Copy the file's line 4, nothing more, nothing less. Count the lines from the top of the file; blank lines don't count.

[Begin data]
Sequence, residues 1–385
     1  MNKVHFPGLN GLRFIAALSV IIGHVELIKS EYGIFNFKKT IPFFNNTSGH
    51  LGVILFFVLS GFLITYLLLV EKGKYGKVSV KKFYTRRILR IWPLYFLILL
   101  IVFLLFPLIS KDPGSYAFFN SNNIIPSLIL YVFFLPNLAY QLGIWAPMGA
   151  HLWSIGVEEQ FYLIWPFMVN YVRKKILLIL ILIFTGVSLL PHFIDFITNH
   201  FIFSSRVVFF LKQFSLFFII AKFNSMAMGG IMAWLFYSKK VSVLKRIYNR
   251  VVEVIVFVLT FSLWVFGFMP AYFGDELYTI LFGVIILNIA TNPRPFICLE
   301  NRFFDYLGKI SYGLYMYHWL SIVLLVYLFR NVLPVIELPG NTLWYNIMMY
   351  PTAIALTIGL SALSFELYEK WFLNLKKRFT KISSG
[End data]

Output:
   101  IVFLLFPLIS KDPGSYAFFN SNNIIPSLIL YVFFLPNLAY QLGIWAPMGA